Ancient History Beyond the Academy: Herodotus, Persia and the Greeks


Research on the historian Herodotus, the history of the Achaemenid Persian empire, and the complex relationship between Greek and Persian worlds in the Classical period, challenges rose-tinted views of the Achaemenid Empire, a view that has previously dominated scholarship and public understanding. This challenge is based on both new interpretations of the historiographical tradition, ancient and modern, and the analysis of documents from the Achaemenid period.   

About this Project

Professor Tom Harrison has presented a sustained challenge to a number of aspects of the dominant orthodoxy on Persia of the last two decades, in particular examining the use of Greek sources for the writing of Persian history. Harrison’s work on Greek historiography has focussed on developing a contextual understanding of Herodotus’ Histories, in particular the ways in which they are informed by religious assumptions, contemporary views of geography or the nature of language.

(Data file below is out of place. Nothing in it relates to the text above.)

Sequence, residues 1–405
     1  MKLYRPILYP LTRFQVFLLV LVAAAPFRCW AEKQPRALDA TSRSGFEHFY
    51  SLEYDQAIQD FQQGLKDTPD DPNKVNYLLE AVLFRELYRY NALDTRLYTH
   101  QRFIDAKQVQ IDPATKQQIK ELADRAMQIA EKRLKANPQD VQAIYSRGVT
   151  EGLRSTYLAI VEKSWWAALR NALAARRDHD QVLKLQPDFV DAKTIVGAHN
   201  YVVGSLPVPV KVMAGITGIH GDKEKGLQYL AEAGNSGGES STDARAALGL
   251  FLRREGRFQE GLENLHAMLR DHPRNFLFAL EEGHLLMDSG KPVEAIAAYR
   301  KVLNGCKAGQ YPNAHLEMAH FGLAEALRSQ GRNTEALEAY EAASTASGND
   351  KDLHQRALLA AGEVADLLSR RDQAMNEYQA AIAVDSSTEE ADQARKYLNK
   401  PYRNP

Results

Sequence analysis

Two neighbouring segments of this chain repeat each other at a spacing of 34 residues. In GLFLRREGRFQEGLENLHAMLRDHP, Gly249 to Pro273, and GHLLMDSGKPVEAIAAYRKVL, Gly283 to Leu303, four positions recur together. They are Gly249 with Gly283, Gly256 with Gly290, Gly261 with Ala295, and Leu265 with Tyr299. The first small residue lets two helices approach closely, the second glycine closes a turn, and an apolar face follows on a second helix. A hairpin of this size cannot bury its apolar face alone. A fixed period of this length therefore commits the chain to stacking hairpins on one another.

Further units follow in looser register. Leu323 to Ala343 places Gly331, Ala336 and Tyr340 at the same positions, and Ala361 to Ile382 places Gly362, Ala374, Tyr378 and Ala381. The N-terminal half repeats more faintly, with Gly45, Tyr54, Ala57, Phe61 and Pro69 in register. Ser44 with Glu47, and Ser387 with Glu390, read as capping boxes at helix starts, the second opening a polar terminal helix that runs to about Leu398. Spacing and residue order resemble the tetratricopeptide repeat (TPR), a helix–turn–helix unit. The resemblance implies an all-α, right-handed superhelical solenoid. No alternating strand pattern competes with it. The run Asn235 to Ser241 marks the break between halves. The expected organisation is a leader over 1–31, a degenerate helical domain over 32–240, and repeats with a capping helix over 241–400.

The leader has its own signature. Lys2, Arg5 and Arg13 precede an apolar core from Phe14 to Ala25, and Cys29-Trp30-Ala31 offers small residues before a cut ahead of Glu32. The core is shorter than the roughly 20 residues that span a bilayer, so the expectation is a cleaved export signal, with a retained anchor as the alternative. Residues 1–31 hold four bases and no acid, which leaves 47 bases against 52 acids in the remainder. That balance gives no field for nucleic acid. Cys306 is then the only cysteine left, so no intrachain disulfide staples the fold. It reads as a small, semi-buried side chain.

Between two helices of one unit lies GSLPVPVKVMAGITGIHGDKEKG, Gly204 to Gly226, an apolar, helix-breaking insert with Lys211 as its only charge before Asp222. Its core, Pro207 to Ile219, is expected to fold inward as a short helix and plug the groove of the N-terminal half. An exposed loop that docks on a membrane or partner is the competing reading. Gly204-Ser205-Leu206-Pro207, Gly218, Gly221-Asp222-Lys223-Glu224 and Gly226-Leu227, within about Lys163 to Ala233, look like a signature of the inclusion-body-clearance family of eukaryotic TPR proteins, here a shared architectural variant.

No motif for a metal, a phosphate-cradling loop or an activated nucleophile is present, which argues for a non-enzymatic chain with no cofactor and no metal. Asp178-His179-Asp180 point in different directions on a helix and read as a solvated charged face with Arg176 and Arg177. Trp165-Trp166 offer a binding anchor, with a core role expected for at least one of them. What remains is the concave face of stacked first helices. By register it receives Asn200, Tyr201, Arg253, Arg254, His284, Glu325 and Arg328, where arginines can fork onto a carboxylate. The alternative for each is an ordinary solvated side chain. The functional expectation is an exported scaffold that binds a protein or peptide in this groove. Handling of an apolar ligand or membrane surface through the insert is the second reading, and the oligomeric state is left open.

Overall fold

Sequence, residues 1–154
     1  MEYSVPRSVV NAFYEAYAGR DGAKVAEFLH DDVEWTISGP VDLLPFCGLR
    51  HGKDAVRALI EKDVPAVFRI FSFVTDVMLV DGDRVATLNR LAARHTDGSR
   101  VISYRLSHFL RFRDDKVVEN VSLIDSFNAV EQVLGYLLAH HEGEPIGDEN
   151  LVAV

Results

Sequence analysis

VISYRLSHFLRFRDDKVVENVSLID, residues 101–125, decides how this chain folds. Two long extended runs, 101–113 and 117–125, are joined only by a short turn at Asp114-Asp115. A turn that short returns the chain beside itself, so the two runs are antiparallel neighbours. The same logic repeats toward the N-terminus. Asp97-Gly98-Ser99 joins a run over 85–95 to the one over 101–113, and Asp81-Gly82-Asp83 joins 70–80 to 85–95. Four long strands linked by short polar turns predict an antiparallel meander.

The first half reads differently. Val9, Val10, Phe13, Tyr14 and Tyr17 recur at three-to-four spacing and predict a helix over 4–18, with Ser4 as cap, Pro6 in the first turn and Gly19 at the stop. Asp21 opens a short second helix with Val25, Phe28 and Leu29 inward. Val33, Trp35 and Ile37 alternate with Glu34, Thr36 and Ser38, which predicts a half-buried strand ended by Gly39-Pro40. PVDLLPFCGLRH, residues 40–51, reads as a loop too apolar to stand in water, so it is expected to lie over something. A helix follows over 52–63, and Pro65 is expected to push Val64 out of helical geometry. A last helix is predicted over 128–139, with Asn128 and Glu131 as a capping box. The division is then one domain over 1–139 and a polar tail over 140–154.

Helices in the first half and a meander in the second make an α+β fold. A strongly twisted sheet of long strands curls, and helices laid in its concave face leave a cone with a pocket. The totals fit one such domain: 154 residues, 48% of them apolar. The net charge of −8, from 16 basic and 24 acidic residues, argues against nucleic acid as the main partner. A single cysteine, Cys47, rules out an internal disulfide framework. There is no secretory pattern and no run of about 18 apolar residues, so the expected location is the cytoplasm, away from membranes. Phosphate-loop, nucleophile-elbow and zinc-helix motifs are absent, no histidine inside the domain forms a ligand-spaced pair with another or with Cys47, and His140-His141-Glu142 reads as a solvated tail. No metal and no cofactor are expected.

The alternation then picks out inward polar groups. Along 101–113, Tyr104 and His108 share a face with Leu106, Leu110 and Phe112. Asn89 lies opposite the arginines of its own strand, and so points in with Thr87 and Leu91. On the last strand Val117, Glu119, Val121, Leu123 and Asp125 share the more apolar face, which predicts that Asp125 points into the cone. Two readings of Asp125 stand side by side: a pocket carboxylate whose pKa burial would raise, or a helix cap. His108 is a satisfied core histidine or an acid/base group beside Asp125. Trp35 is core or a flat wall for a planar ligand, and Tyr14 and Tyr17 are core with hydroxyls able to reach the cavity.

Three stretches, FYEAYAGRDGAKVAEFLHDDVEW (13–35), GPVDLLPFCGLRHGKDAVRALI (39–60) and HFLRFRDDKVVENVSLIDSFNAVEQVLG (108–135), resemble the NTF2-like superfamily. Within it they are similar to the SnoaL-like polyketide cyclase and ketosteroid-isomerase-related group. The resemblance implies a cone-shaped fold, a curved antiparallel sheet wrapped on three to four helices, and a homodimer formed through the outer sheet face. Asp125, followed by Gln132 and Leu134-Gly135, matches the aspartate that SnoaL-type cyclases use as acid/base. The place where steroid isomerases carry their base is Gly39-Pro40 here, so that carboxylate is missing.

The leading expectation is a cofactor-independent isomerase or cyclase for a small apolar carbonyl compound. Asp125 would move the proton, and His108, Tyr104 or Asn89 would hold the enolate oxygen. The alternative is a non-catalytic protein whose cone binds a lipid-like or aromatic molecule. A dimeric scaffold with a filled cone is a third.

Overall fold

Professor Christopher Tuplin has illuminated understanding of central aspects of the Achaemenid Persian empire. This has been fundamental to understanding the realities of such aspects, eg.

  • The administration of the empire
  • Persian military organisation
  • Travel within the empire
  • Impact of the empire on its subject peoples.

This work has made a substantial contribution to the ‘Arshama project’, a new edition and analysis of the archive of the parchment letters of the Persian prince Arshama to Nakhthorof. This collaboration with the Bodleian Libraries and the University of Oxford, has provided a crucial source for understanding the character of Persian provincial administration.


Working with partner institutions, such as:

the research project has  contributed to the professional development of secondary school teachers of Ancient History (through the University of Liverpool Ancient History Teachers’ Summer School) and improved the educational experience of secondary students through the provision of learning and teaching resources.

The Chair of Examiners for Classics attributes a significant aspect of the increase in the uptake of Ancient History in secondary schools to the effect of the courses based on Liverpool research.

Through popular publications, exhibitions, webinars, and through influence on popular historians, the project has extended and deepened public understanding of the ancient world and its interfaces with the present.